Interest Rates Gone Global

An article about U.S. Treasury bonds in today’s Wall Street Journal made it very clear that interest rates have gone global, especially for high quality bonds. The article pointed out that at the close of business this past Friday, the 10-year Treasury bond carried an interest rate of 2.597%. Given the growth prospects of the U.S. and political stability, the U.S. Treasury bond is of very high quality.

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Lost Momentum

The U.S. Government recently released results of economic growth for the first quarter. The report indicated that the economy shrank by 1%. While the expectation had been for slow growth, this significant negative reversal signaled a loss of momentum from the fourth quarter of 2013. The impact is visible in the housing industry, where both existing home and new home sales slowed. One would think that this information would result in a negative stock market reaction, but the S&P 500 soared to a new high.

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Demographics

The current economic picture is one of slow growth. The economy is moving in fits and starts but lacks momentum. The S&P 500 closed yesterday at 1885. At the end of 2013, the S&P 500 closed at 1848, meaning it has risen about 2% for the year to date. This certainly is not the robust market of 2013. Many reasons might account for slowing the growth in stocks, but overall, I’d say the stock market got ahead of itself.

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Fear of No Growth

Since the beginning of this year the stock and bond markets have been rather subdued. In 2013 the general outlook was that the economy was picking up momentum. The increase in business activity, business profits and a shrinking of government spending was seen leading the economy back to “normal.”  The results for the year were in many ways more robust than what had been expected.
 
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Cheap Natural Gas

Today, in the second section, page 2, of the Wall Street Journal (WSJ) an article appeared about what cheap natural gas means to the U.S. economy. For some time I’ve thought that the abundant gas in the United States would result in greater manufacturing coming here. I had not considered the impact of construction from this change. The WSJ reported that the chemical industry alone is accounting for more than $100 billion of new construction in the gulf coast states, with another $125 billion anticipated. This business investment is by the U.S., Germany, Canada, and other countries.

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Rhythm is Broken

Sometimes the stock market achieves a nice rhythm. We have recently seen such a period. After a poor start to the year, good economic news prevailed and the markets increased. Today in Reuters News Service, I noted a number of very good traits that should continue the momentum of growth in the economy. Factory orders rebounded from an eight-month low. Automobile sales increased. A gain in construction spending was reported, despite unseasonably cold weather! Consumer spending increased, with spending on services up 0.9%, the biggest gain since October 2001.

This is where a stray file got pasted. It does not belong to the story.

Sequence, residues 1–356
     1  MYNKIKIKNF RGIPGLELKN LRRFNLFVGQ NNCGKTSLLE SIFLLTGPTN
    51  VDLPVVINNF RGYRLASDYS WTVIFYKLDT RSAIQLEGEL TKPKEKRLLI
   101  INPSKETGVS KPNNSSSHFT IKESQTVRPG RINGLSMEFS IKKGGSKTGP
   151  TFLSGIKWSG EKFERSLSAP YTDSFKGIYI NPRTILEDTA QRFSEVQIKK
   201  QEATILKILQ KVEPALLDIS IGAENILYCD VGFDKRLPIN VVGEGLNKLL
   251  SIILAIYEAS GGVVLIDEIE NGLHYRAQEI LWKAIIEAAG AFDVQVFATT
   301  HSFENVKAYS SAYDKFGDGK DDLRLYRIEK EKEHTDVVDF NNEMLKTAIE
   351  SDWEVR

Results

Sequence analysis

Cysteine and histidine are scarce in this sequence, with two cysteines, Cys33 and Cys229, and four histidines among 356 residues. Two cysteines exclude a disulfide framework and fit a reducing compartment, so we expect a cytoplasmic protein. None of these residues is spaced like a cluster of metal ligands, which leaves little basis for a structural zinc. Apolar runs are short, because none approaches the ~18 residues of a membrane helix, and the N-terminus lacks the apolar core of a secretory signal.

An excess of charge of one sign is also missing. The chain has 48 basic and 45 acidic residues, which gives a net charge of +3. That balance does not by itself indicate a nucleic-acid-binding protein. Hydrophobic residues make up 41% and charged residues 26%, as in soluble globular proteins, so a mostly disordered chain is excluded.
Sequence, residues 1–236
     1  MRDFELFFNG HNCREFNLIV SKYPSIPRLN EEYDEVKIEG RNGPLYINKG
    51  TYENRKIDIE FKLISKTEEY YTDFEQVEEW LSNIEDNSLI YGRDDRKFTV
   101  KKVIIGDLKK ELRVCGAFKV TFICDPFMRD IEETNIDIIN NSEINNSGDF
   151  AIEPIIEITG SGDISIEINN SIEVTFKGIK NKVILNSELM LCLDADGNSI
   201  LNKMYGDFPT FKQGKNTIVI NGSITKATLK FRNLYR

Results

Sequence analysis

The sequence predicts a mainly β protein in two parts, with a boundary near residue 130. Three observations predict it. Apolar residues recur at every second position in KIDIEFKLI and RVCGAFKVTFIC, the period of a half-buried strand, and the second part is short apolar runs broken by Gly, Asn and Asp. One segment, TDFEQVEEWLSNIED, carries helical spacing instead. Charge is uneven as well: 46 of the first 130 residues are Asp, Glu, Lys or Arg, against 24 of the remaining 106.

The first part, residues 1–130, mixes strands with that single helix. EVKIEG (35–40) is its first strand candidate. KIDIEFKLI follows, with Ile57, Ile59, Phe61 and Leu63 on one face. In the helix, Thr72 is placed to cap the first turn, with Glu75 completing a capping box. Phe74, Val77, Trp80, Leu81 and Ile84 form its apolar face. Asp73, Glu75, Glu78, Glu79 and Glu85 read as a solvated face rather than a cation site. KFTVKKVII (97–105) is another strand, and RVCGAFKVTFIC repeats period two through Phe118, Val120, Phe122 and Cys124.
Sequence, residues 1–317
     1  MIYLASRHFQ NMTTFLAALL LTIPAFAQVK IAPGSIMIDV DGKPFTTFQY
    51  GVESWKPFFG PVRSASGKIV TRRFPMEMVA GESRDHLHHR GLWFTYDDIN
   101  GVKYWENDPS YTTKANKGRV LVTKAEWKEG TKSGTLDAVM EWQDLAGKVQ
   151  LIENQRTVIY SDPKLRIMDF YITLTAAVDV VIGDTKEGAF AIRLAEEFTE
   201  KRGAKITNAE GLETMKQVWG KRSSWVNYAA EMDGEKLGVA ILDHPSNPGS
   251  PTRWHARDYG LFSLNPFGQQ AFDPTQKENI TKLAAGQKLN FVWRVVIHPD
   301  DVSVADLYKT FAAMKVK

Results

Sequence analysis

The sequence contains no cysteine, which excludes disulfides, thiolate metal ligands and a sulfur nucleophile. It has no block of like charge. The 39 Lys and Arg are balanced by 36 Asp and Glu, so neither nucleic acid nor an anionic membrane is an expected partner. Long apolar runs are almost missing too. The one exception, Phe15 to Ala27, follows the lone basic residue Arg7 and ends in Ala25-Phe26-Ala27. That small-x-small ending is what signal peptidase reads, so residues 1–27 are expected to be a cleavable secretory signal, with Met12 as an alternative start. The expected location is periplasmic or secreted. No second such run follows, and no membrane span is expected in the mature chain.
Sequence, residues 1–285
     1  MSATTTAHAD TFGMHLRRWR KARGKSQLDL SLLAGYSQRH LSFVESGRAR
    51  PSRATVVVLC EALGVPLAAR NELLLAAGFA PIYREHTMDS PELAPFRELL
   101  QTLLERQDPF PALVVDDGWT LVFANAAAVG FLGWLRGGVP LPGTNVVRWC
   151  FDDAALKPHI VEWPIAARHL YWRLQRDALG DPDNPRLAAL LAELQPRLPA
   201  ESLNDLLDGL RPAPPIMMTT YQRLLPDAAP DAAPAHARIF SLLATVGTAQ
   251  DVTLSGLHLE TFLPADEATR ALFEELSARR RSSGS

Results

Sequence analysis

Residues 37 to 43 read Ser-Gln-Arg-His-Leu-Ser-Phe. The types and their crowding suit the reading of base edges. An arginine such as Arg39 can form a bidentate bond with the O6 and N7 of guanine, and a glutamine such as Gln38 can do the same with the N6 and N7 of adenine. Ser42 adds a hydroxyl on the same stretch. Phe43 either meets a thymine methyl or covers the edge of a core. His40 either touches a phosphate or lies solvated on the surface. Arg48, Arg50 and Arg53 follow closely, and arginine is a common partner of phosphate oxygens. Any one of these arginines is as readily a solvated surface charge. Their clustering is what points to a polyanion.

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A Correction?

As I have reported recently, it is not unusual for the stock market to have a correction after a lengthy time on the rise. Yesterday we saw that a correction can still be painful. The stock market dropped a little over 2% yesterday, meaning that anyone in the market at that time lost money. Although you are a long-term investor, that is your money. A correction is usually about a 10% drop in the value of stocks. This usually sets the stage for another increase in value.

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Doing its own Thing

Last year, equities were up significantly. Some wondered what would happen this year. As I am writing this, the S&P 500 was back to the December 19th level of 1805. On January 15, 2014, the S&P hit a record high of 1848. Interestingly, this record high for 2014 is the same as the closing point of the S&P at the end of the last year, meaning that the S&P is down about 2.5% since the end of 2013. Given that the stock market was up 28% last year, this change is barely a blip on the radar screen. So where is the money that is leaving the stock market going?

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Non-correlation

Non-correlation of investment assets may seem to be complicated, but it is very important to the long-term success of an investment portfolio. To understand non-correlation, we must first understand what we mean when assets are correlated. Investment assets are referred to as being highly correlated when they show a tendency to vary together. For example, U.S. stock classes--large, medium and small-- tend to increase and decrease in value together. For many years, large international stocks were not considered to be correlated to U.S. stocks, but they are now 92% correlated.

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